You were ill and needed to go to the hospital for emergency care. You stayed there for weeks, and only just now are you well enough to start getting back to your normal life.
You knew that your bills would be high, but you never expected them to be as devastating as they are. You owe tens of thousands of dollars for your care, and you can’t even work to support paying it back.
What should you do?
Bankruptcy could be an option for medical debt relief
Chapter 7 bankruptcy is one option that could help you get out of medical debt and back on track. When medical debt is so overwhelming, Chapter 7 bankruptcy gives you the option to have that debt discharged. You will need to meet the requirements to file, but once you do, all unsecured debts, including your medical debt, could be completely discharged.
Chapter 7 bankruptcy is also known as liquidation bankruptcy, but that doesn’t mean that you will lose all your assets. Usually, there are exemptions to help you keep things like your primary vehicle or a normal amount of clothing.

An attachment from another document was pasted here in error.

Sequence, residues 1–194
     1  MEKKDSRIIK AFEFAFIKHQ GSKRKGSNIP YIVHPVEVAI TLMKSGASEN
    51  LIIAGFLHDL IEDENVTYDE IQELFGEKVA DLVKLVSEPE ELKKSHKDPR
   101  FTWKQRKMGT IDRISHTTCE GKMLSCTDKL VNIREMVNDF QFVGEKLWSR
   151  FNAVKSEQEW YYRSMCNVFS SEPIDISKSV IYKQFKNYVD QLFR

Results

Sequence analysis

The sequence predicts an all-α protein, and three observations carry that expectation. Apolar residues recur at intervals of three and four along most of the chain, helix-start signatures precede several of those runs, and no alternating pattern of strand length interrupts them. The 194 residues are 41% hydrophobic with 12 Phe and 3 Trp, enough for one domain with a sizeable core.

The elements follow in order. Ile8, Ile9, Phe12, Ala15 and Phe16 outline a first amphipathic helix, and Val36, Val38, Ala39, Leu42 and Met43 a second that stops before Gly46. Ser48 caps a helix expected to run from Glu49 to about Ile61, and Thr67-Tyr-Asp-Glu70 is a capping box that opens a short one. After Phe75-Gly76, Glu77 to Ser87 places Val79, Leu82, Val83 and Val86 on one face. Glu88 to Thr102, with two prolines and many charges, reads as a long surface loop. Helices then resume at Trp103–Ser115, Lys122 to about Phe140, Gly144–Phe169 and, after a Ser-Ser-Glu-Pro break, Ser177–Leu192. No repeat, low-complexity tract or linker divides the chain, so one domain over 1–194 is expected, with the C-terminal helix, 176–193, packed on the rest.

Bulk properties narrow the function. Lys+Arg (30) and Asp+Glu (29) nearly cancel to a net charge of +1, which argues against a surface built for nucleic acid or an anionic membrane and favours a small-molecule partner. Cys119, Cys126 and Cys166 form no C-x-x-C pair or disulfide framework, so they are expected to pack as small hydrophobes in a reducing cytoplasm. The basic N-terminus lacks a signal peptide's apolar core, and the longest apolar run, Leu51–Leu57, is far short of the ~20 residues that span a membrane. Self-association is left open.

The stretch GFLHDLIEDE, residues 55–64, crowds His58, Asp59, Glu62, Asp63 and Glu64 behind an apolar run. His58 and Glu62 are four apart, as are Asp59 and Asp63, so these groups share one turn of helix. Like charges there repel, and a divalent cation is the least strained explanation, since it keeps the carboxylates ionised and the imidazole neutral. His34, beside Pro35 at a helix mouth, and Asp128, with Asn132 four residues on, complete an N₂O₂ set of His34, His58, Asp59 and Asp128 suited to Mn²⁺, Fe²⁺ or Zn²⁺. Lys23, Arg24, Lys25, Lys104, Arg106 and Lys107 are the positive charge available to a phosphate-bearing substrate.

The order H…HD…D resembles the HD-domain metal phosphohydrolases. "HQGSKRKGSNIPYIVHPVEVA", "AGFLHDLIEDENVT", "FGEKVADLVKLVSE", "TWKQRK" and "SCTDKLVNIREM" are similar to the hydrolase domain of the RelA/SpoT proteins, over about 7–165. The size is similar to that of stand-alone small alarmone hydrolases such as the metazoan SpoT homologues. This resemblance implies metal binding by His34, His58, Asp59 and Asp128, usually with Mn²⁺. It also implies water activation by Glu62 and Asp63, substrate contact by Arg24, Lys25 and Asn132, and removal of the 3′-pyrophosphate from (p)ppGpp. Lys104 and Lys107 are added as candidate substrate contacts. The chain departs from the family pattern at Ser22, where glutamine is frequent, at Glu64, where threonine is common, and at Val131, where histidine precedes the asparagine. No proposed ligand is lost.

How long does it take to discharge medical debt?
That will depend on your specific case, but there are a few things you’ll need to do before the case can be discharged. For example, you will have to go through credit counseling and may need time to go through the process of identifying your assets, looking over exemptions and more.
A general discharge of a Chapter 7 bankruptcy takes around four to six months, though it may happen more quickly or less quickly depending on the case.
If you believe that a bankruptcy may be an option for you, it’s a good idea to collect all the information you can about your debts and income, so you can discuss your options. There are other alternatives, like negotiating down debt or consolidating it, but a bankruptcy may be the better choice depending on the circumstances that you’re in. This is something to consider carefully before you decide how to move forward and handle the debt.